Southern Ocean & atmospheric CO 2 Observations versus models Gruber et al. 2009
In some places there are no observations: pCO 2 from co-varying parameters is a way forward We can investigate smaller spatial scales: Limited by the resolution of the satellite data (kilometers), not sparse observations (~10 2 to 10 3 km) We can investigate seasonal and interannual variability: Links to long term changes in forcing: Southern Ocean winds Why this may be better than observational methods?
Steps to Create Predictive Satellite Algorithms: West Coast Example
Probablistic Self-Organizing Maps January February March region number There is some correspondence between SOM regions and the fronts Spatial and temporal coherence of the fronts from month to month Longhurst 1998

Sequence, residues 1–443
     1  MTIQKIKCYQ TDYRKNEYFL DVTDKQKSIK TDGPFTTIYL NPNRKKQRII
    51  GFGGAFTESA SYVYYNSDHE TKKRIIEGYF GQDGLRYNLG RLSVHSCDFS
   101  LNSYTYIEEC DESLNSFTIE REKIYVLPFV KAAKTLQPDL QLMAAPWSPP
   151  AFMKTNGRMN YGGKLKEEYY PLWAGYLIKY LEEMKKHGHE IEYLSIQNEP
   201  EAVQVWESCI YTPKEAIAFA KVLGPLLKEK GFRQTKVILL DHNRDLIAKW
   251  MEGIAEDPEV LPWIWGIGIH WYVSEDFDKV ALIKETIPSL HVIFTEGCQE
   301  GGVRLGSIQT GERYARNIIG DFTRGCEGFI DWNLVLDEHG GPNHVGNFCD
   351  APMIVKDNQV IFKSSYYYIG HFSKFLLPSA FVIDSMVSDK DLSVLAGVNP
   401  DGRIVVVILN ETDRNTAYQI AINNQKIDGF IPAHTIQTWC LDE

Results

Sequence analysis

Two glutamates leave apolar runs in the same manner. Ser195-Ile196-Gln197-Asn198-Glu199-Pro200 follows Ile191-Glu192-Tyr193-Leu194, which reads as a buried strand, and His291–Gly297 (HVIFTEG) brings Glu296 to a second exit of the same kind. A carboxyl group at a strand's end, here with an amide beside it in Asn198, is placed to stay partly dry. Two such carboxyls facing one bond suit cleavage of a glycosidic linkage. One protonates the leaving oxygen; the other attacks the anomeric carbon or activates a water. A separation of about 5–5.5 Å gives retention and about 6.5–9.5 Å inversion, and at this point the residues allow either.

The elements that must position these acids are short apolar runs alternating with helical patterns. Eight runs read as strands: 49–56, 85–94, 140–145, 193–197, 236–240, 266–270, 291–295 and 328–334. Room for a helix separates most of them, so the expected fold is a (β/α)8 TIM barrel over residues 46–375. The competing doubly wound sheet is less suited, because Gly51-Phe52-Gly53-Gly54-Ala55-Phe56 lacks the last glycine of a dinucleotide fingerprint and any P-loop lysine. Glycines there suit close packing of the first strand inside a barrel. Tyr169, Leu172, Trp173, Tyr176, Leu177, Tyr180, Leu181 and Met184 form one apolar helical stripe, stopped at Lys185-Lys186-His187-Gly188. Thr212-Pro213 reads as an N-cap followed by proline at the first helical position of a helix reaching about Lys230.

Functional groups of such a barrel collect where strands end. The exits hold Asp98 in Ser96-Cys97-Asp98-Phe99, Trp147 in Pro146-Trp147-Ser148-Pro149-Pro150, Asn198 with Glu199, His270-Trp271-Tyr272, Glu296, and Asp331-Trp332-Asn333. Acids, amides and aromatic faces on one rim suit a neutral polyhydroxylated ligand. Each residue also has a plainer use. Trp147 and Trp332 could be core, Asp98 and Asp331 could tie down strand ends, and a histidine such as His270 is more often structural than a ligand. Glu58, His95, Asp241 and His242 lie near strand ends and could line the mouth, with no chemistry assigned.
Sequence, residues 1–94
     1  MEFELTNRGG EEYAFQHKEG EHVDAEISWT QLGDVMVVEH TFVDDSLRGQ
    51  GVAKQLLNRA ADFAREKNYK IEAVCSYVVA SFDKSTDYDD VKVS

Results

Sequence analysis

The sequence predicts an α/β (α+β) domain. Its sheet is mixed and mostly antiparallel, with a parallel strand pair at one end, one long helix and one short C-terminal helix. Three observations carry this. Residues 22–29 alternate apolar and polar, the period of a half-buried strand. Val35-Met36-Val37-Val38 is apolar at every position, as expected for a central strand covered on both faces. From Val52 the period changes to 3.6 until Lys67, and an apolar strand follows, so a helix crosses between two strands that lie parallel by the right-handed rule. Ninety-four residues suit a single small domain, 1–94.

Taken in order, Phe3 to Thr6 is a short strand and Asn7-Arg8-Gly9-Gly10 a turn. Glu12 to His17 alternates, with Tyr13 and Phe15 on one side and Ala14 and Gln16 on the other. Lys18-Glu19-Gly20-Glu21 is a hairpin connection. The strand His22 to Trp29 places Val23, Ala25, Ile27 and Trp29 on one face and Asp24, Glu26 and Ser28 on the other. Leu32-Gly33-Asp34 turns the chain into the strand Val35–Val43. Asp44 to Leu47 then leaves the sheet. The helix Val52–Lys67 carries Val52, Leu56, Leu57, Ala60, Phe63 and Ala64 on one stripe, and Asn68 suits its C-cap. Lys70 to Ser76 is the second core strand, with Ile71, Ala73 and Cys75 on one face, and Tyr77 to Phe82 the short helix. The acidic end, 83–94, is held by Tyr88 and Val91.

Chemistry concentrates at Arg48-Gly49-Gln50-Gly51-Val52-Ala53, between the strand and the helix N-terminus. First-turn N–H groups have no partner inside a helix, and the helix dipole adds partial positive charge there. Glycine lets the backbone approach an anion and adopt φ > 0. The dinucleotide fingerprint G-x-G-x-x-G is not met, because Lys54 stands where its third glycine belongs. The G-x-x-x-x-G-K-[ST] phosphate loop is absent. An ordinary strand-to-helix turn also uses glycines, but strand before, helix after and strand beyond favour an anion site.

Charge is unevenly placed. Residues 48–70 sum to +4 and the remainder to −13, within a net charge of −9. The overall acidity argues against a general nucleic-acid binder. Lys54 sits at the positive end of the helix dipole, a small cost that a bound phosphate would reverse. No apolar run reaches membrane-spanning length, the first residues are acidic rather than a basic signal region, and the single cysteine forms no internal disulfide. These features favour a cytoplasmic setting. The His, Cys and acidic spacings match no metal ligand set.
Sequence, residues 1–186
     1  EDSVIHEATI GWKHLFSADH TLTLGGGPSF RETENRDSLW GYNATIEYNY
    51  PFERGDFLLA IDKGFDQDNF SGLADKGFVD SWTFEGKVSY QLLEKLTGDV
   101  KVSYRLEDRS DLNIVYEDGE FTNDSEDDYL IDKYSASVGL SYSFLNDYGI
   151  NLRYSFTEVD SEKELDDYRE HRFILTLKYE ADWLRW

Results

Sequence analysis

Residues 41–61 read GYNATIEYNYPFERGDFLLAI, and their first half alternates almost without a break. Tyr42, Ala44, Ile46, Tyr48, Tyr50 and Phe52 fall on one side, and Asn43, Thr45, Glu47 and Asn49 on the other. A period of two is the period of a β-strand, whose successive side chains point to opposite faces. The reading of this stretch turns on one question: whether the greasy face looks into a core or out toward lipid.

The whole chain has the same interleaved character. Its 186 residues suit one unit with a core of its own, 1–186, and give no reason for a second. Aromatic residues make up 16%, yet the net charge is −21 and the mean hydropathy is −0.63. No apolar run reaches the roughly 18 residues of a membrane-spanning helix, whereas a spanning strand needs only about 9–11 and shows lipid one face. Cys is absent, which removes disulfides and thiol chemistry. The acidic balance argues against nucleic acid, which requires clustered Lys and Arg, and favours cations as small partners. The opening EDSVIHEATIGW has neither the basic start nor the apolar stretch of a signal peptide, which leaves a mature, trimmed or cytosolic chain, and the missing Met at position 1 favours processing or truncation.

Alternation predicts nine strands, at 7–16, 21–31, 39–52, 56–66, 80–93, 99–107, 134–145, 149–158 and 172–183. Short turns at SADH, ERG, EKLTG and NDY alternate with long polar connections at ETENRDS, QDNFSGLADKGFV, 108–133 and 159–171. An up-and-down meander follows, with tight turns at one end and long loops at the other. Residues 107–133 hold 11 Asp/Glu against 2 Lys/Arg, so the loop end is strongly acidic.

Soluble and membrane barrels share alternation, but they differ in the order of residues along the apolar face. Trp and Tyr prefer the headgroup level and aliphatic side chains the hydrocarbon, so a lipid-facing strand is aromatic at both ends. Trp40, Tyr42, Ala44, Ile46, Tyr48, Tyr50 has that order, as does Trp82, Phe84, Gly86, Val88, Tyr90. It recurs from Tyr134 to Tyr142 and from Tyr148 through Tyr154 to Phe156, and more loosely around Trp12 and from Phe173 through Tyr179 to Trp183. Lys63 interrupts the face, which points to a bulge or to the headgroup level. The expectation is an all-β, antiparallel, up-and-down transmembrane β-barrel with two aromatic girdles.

Overview of Predictive Satellite Algorithms A Alkalinity and DIC from the McNeil climatologies Optimizing: Alk, DIC, T i, Heating/Mixing term, T cr Chlorophyll term Each has a constant, longitude, latitude & seasonal signal Powell’s Optimization
pCO 2 Results & Accuracy of Regional Model SummerSpring AutumnWinter pCO 2 (ppm) Obo Observed Predicted Region 4 May and June Red is a source to the atmosphere White is at atmospheric Blue is a sink, into the ocean
Conclusions and future work Satellite algorithms offer a way to fill gaps and better quantify spatial and temporal variability of CO 2 Next: -- Finishing the monthly algorithms, by region as well as Seasonal and interannual variability and produce maps of CO 2 fluxes for the Southern Ocean -- More rigorous comparison with climatologies and models.
Thank you! NASA for funding for this project Maria Kavanaugh for her help with the PRSOM analysis and Ricardo Letelier’s lab use of their PRSOM/HAC code
CDIAC in situ pCO 2 Coverage 1.4 million data points in the Southern Ocean, south of 40° S
SO GasEx observations and satellite predictions